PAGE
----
Evol Ecol Res 17: 301-315 (2016) Full PDF if your library subscribes.
The White Sea threespine stickleback population:
spawning habitats, mortality, and abundance
T.S. Ivanova, M.V. Ivanov, P.V. Golovin, N.V. Polyakova and D.L. Lajus
St. Petersburg State University, St. Petersburg, Russia
Correspondence: D.L. Lajus, St. Petersburg State University, 7/9 Universitetskaya nab., St. Petersburg 199034, Russia. email: email@example.com
Hypothesis: Stickleback abundance in the White Sea is limited by availability of spawning habitats.
Organisms: Threespine stickleback, Gasterosteus aculeatus; eelgrass, Zostera marina.
Times and places: June (spawning period of stickleback) 2009–2011 and 2014; 60 locations along the White Sea coast.
Methods: We sampled with a beach seine (length 7.5 m, height 1.5 m, mesh size 5 mm in wings and 1 mm in purse) in coastal zones within 30 m of the shore.
Results: Around 60% of the entire stickleback population occurs in the northwestern part of the White Sea (Kandalaksha Bay). This region has favourable spawning habitats, i.e. protected inlets with a high density of eelgrass and other macrophytes. Other parts of the White Sea are more exposed to waves and have less vegetation. We estimated that the White Sea currently supports about 740 million stickleback at the beginning of the spawning season, with a total biomass of about 1600 metric tonnes.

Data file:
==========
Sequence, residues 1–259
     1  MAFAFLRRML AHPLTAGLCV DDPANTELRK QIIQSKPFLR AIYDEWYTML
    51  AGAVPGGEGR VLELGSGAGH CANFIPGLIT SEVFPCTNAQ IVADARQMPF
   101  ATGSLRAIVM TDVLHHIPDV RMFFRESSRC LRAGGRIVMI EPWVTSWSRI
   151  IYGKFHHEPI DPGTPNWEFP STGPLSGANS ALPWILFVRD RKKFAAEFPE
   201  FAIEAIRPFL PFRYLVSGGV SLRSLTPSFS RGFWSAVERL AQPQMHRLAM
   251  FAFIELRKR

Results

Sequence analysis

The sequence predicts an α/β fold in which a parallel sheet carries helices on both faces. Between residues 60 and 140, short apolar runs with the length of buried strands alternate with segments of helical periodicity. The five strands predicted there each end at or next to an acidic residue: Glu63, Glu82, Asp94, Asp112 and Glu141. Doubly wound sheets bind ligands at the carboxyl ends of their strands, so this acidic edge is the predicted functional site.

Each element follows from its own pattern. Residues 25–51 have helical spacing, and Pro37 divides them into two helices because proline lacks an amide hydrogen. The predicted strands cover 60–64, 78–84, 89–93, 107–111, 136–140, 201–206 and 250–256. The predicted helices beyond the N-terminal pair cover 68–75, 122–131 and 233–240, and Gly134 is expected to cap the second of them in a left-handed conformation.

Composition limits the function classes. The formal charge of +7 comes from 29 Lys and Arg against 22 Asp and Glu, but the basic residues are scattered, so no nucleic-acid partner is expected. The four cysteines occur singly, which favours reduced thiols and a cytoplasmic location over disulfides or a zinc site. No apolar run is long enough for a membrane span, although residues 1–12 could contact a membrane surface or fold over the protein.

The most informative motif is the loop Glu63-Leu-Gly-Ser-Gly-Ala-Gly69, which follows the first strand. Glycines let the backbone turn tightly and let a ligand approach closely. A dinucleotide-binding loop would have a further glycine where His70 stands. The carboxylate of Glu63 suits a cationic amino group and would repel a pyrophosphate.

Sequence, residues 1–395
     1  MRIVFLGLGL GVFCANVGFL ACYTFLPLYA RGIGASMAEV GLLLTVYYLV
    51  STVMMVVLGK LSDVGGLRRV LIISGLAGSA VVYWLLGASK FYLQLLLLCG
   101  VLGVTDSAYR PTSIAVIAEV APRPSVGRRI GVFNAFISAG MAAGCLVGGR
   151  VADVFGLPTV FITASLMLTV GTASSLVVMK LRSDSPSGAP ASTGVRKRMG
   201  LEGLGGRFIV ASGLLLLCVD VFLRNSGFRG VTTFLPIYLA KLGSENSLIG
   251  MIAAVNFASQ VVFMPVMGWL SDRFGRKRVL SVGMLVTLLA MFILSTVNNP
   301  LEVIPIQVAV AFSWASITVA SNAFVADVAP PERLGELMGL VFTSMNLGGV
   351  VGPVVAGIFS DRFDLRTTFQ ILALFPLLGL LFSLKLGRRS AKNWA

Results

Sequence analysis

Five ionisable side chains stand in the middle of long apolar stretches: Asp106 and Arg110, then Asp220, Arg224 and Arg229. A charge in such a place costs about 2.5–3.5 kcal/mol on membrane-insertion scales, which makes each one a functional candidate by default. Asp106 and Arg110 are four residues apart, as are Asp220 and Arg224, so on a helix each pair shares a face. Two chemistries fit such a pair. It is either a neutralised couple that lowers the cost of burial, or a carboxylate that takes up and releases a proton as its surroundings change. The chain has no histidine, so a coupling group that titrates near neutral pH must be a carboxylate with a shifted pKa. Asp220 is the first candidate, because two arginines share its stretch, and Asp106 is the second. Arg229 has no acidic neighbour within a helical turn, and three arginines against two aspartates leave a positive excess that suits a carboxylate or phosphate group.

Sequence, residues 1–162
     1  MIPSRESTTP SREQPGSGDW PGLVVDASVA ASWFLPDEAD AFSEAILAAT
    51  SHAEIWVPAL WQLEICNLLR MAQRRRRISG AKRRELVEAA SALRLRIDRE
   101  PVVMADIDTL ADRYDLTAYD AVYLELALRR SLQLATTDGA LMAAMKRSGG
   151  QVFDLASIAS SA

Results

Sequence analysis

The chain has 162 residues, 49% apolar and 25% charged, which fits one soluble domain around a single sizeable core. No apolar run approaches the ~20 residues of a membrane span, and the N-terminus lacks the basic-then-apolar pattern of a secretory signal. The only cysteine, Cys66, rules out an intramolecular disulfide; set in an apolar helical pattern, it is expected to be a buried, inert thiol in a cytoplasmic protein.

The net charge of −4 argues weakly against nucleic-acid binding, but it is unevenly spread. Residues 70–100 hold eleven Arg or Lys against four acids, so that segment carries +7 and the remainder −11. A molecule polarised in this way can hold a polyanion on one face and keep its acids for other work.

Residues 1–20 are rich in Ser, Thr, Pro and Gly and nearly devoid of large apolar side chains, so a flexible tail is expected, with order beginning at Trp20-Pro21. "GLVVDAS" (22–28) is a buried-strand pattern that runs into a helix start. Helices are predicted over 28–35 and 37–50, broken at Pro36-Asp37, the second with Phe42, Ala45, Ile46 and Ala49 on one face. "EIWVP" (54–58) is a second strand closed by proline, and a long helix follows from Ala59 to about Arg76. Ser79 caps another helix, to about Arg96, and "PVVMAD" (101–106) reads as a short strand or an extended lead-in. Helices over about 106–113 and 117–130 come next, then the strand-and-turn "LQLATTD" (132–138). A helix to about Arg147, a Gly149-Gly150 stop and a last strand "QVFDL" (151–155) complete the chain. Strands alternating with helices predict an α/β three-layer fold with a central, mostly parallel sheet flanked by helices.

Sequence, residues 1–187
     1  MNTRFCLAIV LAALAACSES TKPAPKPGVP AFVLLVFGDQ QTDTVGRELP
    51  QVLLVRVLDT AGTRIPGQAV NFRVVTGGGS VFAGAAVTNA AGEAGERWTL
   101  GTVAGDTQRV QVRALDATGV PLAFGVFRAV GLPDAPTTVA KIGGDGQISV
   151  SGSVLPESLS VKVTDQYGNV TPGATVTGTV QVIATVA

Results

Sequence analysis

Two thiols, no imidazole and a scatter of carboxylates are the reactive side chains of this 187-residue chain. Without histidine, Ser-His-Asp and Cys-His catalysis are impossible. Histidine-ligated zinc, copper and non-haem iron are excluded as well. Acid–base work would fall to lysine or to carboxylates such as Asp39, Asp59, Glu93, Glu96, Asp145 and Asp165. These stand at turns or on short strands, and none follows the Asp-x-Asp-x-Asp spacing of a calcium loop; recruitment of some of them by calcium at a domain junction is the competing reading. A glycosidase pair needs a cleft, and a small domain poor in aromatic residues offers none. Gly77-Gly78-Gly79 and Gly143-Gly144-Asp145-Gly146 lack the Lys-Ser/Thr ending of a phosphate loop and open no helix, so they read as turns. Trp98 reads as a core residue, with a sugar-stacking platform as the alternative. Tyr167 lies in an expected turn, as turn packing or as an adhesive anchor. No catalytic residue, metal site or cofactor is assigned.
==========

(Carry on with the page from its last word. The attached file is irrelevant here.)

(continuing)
Keywords: abundance, distribution, Gasterosteus aculeatus, habitats, mortality, threespine stickleback, White Sea.
DOWNLOAD A FREE, FULL PDF COPY
IF you are connected using the IP of a subscribing institution (library, laboratory, etc.)
or through its VPN.
© 2016 Dmitry Lajus. All EER articles are copyrighted by their authors. All authors endorse, permit and license Evolutionary Ecology Ltd. to grant its subscribing institutions/libraries the copying privileges specified below without additional consideration or payment to them or to Evolutionary Ecology, Ltd. These endorsements, in writing, are on file in the office of Evolutionary Ecology, Ltd. Consult authors for permission to use any portion of their work in derivative works, compilations or to distribute their work in any commercial manner.
Subscribing institutions/libraries may grant individuals the privilege of making a single copy of an EER article for non-commercial educational or non-commercial research purposes. Subscribing institutions/libraries may also use articles for non-commercial educational purposes by making any number of copies for course packs or course reserve collections. Subscribing institutions/libraries may also loan single copies of articles to non-commercial libraries for educational purposes.
All copies of abstracts and articles must preserve their copyright notice without modification.